Mark Steyn is at it again, or more appropriatly, thin skinned people are running around trying to silence Mark Steyn (rather than engaging with even better speech, although Styne has a pretty brilliant way with words). Once again, attacks on freedom of expression are attacks on us all.

http://fullcomment.nationalpost.com/2013/10/16/mark-steyn-sticks-and-stones/

Quote
Mark Steyn: Sticks and stones

Mark Steyn, National Post | 16/10/13 | Last Updated: 16/10/13 8:46 AM ET
More from National Post

Five years ago, I and my fellow rightwing blowhard Ezra Levant were in the midst of a spirited campaign to rid Canada of its disgusting censorship laws and restore a centuries-old tradition of free speech to a land that, in the name of “human rights,” had surrendered it too easily. The Canadian Islamic Congress had brought simultaneous complaints before the federal, Ontario and British Columbia “human rights” regimes against Maclean’s magazine for publishing an excerpt from my book. Despite the advantages of triple jeopardy, they struck out all three times, and at the federal level their suit so damaged the reputation of “Section 13” (the national censorship law with a 100% conviction rate) that last year Parliament finally repealed it.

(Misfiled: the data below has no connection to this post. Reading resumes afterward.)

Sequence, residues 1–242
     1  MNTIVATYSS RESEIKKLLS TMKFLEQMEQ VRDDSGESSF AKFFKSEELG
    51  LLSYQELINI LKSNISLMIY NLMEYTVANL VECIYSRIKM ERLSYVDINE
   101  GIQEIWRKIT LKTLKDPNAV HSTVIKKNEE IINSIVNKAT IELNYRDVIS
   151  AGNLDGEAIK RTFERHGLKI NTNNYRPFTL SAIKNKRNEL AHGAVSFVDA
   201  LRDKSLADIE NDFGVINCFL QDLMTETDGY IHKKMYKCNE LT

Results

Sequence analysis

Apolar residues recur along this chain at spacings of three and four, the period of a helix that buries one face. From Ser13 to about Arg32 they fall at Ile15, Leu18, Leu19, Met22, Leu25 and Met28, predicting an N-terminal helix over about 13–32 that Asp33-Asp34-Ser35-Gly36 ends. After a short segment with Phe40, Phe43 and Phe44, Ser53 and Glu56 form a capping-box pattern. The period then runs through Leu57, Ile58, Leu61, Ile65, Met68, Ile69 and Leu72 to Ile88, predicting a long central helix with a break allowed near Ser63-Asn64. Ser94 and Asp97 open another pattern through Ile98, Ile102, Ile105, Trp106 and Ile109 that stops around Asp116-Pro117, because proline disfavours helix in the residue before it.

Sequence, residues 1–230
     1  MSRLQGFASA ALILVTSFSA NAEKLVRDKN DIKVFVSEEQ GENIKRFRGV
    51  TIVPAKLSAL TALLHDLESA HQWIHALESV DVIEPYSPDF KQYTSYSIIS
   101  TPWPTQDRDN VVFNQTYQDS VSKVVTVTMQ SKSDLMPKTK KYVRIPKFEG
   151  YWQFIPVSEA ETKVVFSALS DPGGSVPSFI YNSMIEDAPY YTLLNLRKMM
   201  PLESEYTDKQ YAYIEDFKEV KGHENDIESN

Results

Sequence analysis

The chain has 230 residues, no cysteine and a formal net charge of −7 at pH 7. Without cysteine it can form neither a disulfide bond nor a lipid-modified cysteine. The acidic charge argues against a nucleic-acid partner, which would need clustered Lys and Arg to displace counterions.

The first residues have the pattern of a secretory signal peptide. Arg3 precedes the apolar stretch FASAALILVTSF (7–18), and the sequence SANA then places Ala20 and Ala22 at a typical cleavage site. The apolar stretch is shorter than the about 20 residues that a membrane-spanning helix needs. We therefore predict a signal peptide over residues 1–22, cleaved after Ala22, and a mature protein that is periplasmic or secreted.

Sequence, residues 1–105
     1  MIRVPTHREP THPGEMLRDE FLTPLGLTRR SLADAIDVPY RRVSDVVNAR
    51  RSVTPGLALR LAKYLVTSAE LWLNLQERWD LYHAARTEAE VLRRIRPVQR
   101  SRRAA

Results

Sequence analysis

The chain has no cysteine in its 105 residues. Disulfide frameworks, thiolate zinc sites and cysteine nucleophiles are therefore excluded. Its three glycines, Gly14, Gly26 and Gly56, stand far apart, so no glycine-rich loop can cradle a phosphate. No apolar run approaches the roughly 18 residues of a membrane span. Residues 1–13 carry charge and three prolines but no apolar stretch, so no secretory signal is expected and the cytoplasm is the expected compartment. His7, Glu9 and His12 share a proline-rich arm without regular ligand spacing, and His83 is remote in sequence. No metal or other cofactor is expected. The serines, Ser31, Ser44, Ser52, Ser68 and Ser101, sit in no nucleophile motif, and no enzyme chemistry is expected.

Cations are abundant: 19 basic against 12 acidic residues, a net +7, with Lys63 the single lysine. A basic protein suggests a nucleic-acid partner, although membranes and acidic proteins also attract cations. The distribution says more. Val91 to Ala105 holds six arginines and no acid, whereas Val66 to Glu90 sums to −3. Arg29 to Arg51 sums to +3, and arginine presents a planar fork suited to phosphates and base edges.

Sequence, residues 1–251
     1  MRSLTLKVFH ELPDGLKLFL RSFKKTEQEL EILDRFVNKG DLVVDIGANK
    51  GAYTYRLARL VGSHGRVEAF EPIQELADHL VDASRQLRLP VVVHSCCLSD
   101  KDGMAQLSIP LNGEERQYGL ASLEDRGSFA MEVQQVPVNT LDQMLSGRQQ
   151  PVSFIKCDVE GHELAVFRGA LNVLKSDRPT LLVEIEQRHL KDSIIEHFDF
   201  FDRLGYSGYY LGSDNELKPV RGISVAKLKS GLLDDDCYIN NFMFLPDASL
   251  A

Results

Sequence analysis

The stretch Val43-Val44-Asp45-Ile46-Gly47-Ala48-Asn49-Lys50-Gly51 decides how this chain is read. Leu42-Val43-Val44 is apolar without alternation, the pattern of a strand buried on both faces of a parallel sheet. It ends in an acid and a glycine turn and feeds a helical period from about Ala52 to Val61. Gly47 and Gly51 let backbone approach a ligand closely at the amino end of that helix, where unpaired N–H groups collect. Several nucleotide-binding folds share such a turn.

But the urge to litigate disagreement is never far from the surface in contemporary discourse. So both Ezra Levant and I find ourselves back in court yet again. In my case, I’m currently being sued in the District of Columbia by Dr. Michael Mann, the eminent global warm-monger, for mocking (in America’s National Review) his increasingly discredited climate-change “hockey stick.” So Dr. Mann has sued for what his complaint to the court called “defamation of a Nobel prize recipient.” (For those who are not fully conversant with the idea, the "Hockey Stick" graph purports to show global climate for the last 1000 years. Oddly enough, during that time period the "Hockey Stick" fails to show the Medeival Warm Period or the Little Ice Age, but does show a dramatic upturn in temperature during the 20th century. The various algorithms used to derive the "Hockey Stick" graph have not, to my knowledge, been released for impartial scrutiny and review by other scientists either.)